When Sony announced their next-gen system the PlayStation 3, they touted it as having a massive amount of features. These range from producing 1080p HD visuals, HD movies via Blu-Ray functionality etc. Sony even went as far as promoting TiVo capabilities and functionality, an online service being promoted by fan-boys as PlayStation Live, as well as a content distribution system quite similar to iTunes. This sounds terrific from a consumer perspective, but from a gamer's perspective, where in this list does it say that it plays games? This is a major problem being brought to our attention by such publications as BusinessWeek, whom are saying that Sony may be going a little to far away from what PlayStation 3's core function should be, a video game system.
BusinessWeek's article was titled, "This PlayStation May Play Too Much." It basically spoke of the fear that with all of these features packed in, and a high cost of production, the standard consumers may be afraid of the Playstation 3 in fear of not knowing how to use it and what to do with it specifically. This is going to be a complicated and complex machine, argues BusinessWeek. They compared the PS3 to another endeavor Sony attempted not too long ago; "Exhibit A: the PSX. Released in Japan in 2003, it was designed to appeal to a broader audience than the hard-core gamers attracted to the PS2. It comes with a 250-gigabyte hard drive and a simple Web browser and plays games, movies, and music. But the PSX bombed as consumers were confused by the hybrid and put off by its $800-plus price tag."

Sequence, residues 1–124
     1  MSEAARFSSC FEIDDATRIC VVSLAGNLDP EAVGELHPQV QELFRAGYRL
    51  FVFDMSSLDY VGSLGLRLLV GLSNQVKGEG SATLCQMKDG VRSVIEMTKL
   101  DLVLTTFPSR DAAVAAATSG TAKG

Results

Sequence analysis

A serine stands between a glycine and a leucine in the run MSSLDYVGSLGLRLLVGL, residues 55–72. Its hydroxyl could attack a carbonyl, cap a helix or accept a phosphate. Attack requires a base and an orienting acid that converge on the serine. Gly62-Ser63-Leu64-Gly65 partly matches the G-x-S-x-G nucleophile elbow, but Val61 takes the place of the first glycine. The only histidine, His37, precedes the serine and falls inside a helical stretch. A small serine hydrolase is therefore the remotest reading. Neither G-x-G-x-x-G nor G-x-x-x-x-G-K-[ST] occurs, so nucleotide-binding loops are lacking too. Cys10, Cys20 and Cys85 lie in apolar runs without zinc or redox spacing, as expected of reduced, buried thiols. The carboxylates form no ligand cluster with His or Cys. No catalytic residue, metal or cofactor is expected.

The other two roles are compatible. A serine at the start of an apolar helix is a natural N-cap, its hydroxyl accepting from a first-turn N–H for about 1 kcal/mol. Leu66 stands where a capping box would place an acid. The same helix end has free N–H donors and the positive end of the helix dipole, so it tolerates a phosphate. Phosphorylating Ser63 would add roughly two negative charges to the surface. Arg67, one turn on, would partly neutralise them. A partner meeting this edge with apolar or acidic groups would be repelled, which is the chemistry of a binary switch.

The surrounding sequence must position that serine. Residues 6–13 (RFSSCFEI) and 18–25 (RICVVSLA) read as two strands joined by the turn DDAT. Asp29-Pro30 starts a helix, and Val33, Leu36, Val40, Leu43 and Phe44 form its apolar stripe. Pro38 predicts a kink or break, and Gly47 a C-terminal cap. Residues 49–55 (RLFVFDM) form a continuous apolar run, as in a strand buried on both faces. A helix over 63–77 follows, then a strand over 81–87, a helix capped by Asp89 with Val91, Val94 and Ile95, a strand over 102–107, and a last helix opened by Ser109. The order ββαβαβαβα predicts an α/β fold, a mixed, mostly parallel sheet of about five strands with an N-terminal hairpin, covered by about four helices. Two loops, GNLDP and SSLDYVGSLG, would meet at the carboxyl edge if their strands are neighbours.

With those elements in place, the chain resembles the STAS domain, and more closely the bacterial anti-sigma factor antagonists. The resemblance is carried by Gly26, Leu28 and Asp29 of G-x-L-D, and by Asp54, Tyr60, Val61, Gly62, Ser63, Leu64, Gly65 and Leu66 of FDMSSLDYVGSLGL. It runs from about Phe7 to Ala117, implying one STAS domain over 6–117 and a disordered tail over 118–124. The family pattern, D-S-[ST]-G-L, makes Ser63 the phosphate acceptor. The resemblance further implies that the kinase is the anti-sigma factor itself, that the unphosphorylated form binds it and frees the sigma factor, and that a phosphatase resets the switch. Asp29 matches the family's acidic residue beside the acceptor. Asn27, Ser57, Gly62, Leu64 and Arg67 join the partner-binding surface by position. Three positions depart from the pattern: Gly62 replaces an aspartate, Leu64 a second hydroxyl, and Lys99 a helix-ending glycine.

If the PlayStation 3 releases around a similar price tag, which is being predicted by some, it could possibly have the same fate. BusinessWeek goes on to compare the PlayStation 3 to the Sony PSP as being more popular as a multimedia device rather than a full-fledged gaming system. This would equal out to a lower attach rate for games, meaning less games sold per console sold. This causes publishers to lose money and also costs Sony money because they do not have as much leverage in negotiating licensing fees to produce games on their console. After the high attach rate of games on the Xbox 360 launch, this is a fear that Sony must have because if the PlayStation 3 does not match the Xbox 360's numbers, Microsoft could gain a lot more momentum and getting even further support for their system.
Talking more about the PS3 BusinessWeek stated, "But since the PSP also plays music and movies, fewer people are buying games designed for it. In the PS2's initial year on the market, players bought more than three games for each machine that was shipped. For the PSP, that ratio slipped to 2 to 1." If the PS3 follows this pattern it could prove quite disastrous for Sony. As the launch of the PlayStation 3 grows closer, with a lot more news sure to come at E3 2006 in May, this should be an interesting few months to come.